The effect of abrupt events in epidemics

International research team led by Dr. A. Moustakas from University of Brunei Darussalam, including a current postdoctoral scholar at the Department of Water Resources and Environmental Modeling (Yannis Markonis), published a study in the journal of Nature Communications (doi:10.1038/s41467-018-04915-0, text here).

During the foot and mouth disease epidemic of 2001, in Great Britain, routine testing for the harmful pathogen Bovine Tuberculosis (bTB) was suspended briefly. Using statistical techniques and mathematical models the researchers presented how this lapse in management can alter the epidemiological parameters, including the rate of new infections and duration of infection cycles. These results demonstrate that abrupt events can synchronise disease dynamics and that disease control strategies can have both intended and unintended effects on the dynamics of infectious diseases. The methods that were utilised in this study have a diverse range of applications in other scientific fields that involve abrupt events, such as climatology, ecology, hydrology etc.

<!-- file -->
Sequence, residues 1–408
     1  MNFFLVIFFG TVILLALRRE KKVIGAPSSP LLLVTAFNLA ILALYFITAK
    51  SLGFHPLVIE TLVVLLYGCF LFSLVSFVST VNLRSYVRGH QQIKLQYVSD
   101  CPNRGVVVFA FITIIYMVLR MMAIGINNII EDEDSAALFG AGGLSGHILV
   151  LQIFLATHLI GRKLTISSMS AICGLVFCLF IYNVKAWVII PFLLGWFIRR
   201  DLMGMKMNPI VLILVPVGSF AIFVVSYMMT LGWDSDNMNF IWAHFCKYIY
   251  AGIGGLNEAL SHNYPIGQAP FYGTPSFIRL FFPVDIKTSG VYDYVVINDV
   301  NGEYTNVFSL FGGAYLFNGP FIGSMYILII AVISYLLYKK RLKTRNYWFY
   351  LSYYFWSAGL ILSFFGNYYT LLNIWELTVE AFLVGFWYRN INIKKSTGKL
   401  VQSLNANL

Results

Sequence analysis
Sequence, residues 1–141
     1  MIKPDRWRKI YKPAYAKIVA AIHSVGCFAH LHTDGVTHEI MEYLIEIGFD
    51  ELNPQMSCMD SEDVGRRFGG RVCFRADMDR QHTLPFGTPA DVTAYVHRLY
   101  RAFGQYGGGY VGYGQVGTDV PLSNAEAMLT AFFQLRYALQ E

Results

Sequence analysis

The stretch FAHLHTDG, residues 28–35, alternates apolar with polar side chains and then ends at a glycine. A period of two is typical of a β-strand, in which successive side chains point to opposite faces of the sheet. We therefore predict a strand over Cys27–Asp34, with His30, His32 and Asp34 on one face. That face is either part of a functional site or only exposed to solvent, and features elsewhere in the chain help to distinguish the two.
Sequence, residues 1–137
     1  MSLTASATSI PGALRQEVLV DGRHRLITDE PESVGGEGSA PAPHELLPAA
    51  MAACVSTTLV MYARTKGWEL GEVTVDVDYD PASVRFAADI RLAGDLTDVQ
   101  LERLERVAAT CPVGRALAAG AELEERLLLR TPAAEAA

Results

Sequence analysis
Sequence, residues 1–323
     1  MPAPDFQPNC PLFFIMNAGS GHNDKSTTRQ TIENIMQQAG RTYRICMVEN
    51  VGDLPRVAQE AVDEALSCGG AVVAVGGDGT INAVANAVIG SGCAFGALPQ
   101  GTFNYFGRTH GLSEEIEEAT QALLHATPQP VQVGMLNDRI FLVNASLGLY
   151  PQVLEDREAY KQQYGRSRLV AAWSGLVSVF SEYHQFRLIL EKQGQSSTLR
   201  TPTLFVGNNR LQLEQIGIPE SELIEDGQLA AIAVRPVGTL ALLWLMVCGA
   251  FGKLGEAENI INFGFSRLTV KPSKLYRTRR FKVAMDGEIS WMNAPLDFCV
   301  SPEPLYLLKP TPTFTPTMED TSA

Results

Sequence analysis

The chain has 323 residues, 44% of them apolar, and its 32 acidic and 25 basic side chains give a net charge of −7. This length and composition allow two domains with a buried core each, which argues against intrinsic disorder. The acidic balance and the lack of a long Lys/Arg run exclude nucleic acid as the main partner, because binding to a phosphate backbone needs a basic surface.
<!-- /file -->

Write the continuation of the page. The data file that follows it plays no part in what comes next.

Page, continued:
Moustakas, A., Evans, M.R., Daliakopoulos, I.N., & Markonis, Y. 2018. Abrupt events and population synchrony in the dynamics of Bovine Tuberculosis. Nature Communications 9 (1), 2821

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